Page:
The Federal Trade Commission today issued an Opinion finding that Realcomp II – a Michigan-based realtors’ group – violated federal law by restricting the ability of member real estate agents to offer consumers lower-priced alternatives to traditional real estate services. Realcomp refused to transmit discount real estate listings to its own and other publicly available Web sites and excluded such listings from the default searches within its own database. The Commission found that these policies restricted access to these listings and harmed competition. The FTC’s Final Order requires Realcomp to provide its members non-discriminatory access to non-traditional and lower-price listings on its Multiple Listing Service (MLS) and to stop preventing such listings from being sent to its public real estate sites.
In its Opinion announced today, the Commission found that “the practices at issue improperly limit consumers’ access to information about the availability of these lower-priced alternatives,” and . . . concluded “that [Realcomp’s] acts and practices unreasonably restrain trade in violation of Section 1 of the Sherman Act . . . and Section 5.” The Commission’s administrative decision resolves litigation arising from a complaint charging that Realcomp’s policies violate Section 5 of the Federal Trade Commission Act.
Realcomp is an MLS serving southeast Michigan. Member brokers (who compete with each other) provide information on homes for sale. Other members representing buyers can then use the database to find potential homes for their clients.
Recent years have seen significant changes to the real estate markets. Some real estate brokers have discounted their fees by offering lower commission rates, accepting flat fees, or unbundling real estate services that used to be available only as a package. These limited-service models typically are less expensive than the traditional real estate model, allow consumers to customize a package that best fits their needs, and have put pricing pressure on more expensive full-service brokers.
The Commission Opinion also noted that public access to MLS listings has increased their effectiveness. The Internet has become vital to selling homes, and a majority of buying and selling homes begins on the Internet.
These changes, the Commission wrote, “illustrate how technological dynamism and organizational innovation can place enormous pressure on traditional business models and create possibilities for ‘the new commodity, the new technology, the new source of supply, the new type of organization’ [Joseph A. Schumpeter, Capitalism, Socialism, and Democracy 84 (1942)] that can transform markets. Because [these] are powerful stimulants for economic progress, an especially important application of antitrust law is to see that incumbent service providers do not use improper means to suppress innovation-driven competition that benefits consumers.”
The Commission found that full-service real estate brokers, who make up a majority of Realcomp’s membership, saw the combination of discount brokers with the public availability of MLS listings via Internet Web sites as a serious threat to their business model. In turn, Realcomp established policies that limited the effectiveness discount brokers’ listings. Although the MLS began providing the public with information on homes available for sale by establishing a public Web site and transmitting listing information to other Web sites, such as those of the National Association of Realtors (NAR) and of its members, Realcomp provided only the more expensive, full-service listings to the publicly available Web sites. As a result, a buyer searching Realcomp’s public Web site or the NAR’s Web site, for example, would not see listings offered by discount brokers.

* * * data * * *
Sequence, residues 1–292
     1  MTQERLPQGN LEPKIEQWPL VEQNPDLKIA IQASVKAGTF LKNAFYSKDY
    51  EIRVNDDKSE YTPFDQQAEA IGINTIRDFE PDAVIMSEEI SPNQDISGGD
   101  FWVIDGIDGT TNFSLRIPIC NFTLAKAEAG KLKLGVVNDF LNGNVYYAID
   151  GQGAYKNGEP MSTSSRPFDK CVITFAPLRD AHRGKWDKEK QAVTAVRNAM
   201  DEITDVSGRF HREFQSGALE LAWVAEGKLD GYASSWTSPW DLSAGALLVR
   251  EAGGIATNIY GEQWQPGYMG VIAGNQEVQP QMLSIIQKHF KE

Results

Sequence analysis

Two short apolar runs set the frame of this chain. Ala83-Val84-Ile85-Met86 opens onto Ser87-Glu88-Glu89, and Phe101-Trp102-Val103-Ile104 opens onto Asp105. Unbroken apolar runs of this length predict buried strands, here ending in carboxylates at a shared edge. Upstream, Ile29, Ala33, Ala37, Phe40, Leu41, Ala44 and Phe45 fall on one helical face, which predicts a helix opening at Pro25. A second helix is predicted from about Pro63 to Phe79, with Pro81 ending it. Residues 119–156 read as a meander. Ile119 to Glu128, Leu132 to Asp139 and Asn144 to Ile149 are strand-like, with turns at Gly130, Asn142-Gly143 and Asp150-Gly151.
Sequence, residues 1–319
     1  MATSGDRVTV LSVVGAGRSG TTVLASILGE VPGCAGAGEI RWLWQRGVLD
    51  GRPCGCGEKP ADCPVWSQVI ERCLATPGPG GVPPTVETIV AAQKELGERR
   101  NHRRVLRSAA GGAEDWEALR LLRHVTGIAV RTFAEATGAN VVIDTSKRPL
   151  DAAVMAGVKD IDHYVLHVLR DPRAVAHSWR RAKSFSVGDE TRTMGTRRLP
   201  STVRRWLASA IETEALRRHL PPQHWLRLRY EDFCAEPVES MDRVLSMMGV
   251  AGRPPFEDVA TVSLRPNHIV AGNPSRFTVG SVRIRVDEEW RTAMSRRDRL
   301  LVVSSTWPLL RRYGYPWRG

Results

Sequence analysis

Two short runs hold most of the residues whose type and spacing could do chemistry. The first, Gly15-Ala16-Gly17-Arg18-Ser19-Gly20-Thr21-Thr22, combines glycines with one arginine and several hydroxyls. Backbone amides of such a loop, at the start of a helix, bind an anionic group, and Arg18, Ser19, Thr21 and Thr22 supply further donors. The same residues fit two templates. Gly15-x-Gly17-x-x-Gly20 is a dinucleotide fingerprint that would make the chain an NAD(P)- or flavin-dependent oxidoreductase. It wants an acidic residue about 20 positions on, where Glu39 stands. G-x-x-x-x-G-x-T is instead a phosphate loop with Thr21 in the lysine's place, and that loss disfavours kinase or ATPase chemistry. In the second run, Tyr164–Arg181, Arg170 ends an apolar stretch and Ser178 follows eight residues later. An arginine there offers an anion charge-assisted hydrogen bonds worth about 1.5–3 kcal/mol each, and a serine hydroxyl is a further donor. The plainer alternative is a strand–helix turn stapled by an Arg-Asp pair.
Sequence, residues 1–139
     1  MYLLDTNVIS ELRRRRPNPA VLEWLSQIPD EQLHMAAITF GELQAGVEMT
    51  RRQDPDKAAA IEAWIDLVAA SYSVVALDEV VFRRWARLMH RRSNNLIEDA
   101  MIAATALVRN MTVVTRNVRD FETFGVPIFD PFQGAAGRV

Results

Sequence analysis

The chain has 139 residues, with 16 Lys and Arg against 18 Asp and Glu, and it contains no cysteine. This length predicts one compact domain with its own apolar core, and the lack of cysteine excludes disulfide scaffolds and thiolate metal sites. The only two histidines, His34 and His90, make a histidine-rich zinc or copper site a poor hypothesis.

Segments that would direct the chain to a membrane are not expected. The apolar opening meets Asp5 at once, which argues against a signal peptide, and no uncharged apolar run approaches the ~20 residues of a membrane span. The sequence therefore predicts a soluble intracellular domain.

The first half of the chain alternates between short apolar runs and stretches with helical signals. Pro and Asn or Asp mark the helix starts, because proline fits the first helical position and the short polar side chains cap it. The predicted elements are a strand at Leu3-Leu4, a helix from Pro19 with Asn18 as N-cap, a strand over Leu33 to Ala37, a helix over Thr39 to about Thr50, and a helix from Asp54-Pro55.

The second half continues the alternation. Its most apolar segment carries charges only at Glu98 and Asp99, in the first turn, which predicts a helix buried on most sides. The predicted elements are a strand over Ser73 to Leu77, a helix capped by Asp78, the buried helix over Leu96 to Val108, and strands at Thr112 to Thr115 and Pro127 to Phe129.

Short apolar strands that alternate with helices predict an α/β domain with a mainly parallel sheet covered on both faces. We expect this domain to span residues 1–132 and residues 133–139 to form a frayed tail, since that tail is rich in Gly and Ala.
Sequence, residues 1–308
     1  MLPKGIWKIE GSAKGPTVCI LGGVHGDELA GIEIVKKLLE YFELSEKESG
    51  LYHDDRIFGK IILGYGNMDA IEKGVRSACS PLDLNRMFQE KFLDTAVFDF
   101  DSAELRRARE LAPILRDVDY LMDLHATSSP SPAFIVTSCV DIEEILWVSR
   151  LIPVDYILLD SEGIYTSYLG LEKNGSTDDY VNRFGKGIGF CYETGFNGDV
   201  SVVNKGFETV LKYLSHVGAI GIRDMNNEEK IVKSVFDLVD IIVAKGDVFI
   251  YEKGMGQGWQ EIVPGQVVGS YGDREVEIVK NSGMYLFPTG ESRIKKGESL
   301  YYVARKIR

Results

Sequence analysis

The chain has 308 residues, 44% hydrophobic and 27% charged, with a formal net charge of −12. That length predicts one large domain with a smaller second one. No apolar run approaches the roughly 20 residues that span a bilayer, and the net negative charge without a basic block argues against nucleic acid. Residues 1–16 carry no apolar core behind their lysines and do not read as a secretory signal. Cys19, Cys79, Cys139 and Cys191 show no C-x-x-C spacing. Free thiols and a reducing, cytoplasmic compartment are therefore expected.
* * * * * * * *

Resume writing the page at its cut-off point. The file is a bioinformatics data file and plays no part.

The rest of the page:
Further, within its proprietary database, the default search policy excluded listings of discount brokers. So, unless a broker searching the MLS’s own private database changed the default search settings, the broker would not see discount listings.
The Commission found that Realcomp’s policies narrowed consumer choice and hindered the competitive process. In reaching its decision, the Commission reversed a 2007 decision by the Administrative Law Judge dismissing the charges against Realcomp.
The Commission’s Final Order forbids Realcomp from discriminating against discount brokers in, among other things, determining what listings it transmits to public Web sites or setting its default search criteria. The Order also requires Realcomp, within 30 days of the Order becoming final, to amend its rules and regulations to conform with the Order’s provisions, and, within 90 days, to inform its members of the amendments and provide each member with a copy of the Order. Finally, it requires Realcomp to place a statement on its Web site announcing the amendments and to modify the site to include the updated rules and regulations.
The Commission vote approving the Opinion and Order was 4-0. Under the agency’s rules, ex parte communications regarding this matter are barred until the FTC has disposed of any petition for reconsideration, or until the time for filing such petitions (14 days after service) has elapsed.
Copies of the Opinion and Order can be found on the FTC’s Web site and as a link to this press release. The FTC’s Bureau of Competition works with the Bureau of Economics to investigate alleged anticompetitive business practices and, when appropriate, recommends that the Commission take law enforcement action. To inform the Bureau about particular business practices, call 202-326-3300, send an e-mail to email@example.com, or write to the Office of Policy and Coordination, Room 383, Bureau of Competition, Federal Trade Commission, 600 Pennsylvania Ave, N.W., Washington, DC 20580. To learn more about the Bureau of Competition, read “Competition Counts” at http://www.ftc.gov/competitioncounts.